Language and cultural training
We arrived with only beginner to intermediate levels of Japanese. Yet we weren’t expected to learn much Japanese by our host church because our missionary predecessors there hadn’t. Naturally, I had a meltdown after trying to pay the rent at an ATM. How dare the ATM expect me to read kanji!
But a bigger stressor was culture. We had little experience serving in a Japanese church. Despite the church’s overflowing hospitality to us—which continues even now—cultural stress floored SH with monthly bouts of illness. Our limited Japanese made it hard to discuss expectations and feelings.
Thankfully, SH has a habit of asking for help. When he was unsure how best to word things in a delicate situation, he’d text a Japanese friend back in Malaysia. Before leaving Malaysia, he asked friends for Japanese Christian contacts. He kept in touch with church mentors before and after arriving in Japan. Over the months, God surrounded us with wise, caring friends who helped with different problems. He also sent us three language tutors.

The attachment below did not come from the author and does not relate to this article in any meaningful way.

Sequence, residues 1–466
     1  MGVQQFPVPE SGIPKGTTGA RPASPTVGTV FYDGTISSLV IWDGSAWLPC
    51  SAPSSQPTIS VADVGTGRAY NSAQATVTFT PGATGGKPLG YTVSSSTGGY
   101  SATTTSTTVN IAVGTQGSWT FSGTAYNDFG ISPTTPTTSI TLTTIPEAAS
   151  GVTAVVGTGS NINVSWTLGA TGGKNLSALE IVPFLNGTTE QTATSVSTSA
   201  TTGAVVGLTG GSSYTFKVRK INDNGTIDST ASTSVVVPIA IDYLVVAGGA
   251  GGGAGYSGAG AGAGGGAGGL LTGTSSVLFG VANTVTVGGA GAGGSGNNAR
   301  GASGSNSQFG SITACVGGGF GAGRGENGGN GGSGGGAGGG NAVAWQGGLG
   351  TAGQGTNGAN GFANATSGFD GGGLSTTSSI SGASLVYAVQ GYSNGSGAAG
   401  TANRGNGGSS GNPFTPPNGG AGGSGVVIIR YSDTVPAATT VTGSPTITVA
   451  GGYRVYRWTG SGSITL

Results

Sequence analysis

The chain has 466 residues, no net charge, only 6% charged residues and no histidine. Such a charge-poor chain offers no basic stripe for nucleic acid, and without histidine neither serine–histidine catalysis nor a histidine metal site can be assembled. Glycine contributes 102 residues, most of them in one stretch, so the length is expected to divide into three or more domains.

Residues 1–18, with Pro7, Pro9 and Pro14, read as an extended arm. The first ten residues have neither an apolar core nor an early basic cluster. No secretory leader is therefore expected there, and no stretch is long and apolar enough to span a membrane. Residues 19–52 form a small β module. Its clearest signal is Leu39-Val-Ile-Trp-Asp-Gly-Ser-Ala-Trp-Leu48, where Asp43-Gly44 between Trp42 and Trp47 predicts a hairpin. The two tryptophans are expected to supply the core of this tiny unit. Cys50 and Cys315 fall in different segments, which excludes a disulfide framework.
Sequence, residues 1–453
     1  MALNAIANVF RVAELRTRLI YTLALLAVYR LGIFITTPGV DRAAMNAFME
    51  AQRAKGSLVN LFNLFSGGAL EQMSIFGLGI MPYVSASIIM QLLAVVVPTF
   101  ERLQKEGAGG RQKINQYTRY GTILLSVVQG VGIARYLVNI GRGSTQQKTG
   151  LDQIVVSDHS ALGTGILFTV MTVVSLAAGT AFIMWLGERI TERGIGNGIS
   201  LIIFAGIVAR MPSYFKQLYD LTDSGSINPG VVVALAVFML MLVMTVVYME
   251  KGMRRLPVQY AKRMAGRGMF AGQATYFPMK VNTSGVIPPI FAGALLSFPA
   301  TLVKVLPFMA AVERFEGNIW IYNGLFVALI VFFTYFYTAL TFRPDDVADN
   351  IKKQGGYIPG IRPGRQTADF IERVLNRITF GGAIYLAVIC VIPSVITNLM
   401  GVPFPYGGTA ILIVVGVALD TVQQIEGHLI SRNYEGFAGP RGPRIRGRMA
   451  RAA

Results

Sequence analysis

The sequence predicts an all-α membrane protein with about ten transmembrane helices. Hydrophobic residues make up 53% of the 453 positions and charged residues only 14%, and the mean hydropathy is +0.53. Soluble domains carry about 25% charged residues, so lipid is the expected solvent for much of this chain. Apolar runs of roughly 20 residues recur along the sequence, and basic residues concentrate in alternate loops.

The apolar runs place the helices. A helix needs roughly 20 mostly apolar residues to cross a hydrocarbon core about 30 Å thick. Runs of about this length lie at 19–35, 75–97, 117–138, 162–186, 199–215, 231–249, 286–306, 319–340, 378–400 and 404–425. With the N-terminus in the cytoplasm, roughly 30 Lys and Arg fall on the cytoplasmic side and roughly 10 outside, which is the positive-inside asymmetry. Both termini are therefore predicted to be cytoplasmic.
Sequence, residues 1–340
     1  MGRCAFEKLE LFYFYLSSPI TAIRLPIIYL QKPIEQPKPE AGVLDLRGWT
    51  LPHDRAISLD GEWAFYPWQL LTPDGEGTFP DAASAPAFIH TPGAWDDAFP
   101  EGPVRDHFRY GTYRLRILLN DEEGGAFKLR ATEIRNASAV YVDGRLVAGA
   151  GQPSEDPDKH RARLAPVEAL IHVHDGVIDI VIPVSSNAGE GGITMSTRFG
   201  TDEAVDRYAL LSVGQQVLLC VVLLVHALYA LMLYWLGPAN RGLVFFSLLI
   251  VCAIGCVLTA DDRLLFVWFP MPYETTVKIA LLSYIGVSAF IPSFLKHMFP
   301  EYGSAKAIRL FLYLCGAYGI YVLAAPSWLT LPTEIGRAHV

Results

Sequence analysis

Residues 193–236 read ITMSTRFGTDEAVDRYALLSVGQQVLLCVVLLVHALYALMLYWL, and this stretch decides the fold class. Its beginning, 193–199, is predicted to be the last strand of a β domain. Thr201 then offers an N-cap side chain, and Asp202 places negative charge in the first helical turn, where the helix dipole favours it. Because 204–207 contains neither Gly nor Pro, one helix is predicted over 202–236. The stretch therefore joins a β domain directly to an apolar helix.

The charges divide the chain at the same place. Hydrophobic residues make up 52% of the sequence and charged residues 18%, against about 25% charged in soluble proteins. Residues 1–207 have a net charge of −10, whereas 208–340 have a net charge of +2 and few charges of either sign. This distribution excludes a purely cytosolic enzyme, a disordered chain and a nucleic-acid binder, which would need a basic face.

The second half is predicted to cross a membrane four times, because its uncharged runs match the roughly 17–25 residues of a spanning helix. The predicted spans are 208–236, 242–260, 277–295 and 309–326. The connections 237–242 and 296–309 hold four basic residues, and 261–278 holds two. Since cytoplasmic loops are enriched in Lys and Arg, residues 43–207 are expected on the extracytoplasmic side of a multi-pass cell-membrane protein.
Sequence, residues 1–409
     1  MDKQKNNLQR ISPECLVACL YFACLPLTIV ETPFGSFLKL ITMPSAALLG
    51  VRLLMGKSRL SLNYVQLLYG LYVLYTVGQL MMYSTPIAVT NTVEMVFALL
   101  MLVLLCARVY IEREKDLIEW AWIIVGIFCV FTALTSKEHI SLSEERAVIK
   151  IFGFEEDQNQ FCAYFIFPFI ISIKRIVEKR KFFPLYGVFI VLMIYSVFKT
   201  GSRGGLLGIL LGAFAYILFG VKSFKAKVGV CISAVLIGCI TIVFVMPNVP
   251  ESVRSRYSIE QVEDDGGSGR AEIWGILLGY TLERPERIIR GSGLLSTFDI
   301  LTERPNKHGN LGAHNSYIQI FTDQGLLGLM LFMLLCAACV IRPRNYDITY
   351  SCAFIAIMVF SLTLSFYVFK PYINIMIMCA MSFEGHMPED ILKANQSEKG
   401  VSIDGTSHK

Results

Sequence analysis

On top of attending cross-cultural and language training, members of missionary organizations like OMF are required to have financial support promised in advance for an entire term (usually four years).
In contrast, we came as tentmakers with unstable wages that couldn’t ensure long-term survival. Apart from work—teaching, preaching, editing, writing, and cleaning—we depend on spontaneous donations to cover 30% of our monthly needs. Despite being able to quote Jesus’s words about not worrying about how our needs will be met (Matthew 6:25–34), we often worry about the months ahead.
I could easily succumb to a diet of instant noodles, given a history of previous addiction to these dubious stress-relievers. But the Wycliffe trainer had warned, “Do not be too frugal. Take care of your health.” So, we choose to eat well and have a social life.
Every month is unpredictable, but God has provided abundantly for us so far. We’re also becoming less ashamed of telling people about our financial needs. We share at our two home churches in Malaysia (by Skyping into their prayer meetings and scheduling an annual visit), contact old Christian friends to catch up, and dispatch a monthly newsletter that keeps us on the radar of serious supporters.
The Wycliffe trainer also said, “There are things you can do to take care of yourself. You, too, can do ‘member care’.”
We dispelled cabin fever by visiting a half-Japanese, half-Malaysian lady in her gigantic house in rural Chiba. Her advice? “Don’t ganbaru (try your best) so much. And don’t try to be Japanese.” It’s my favorite mantra these days: don’t try your best.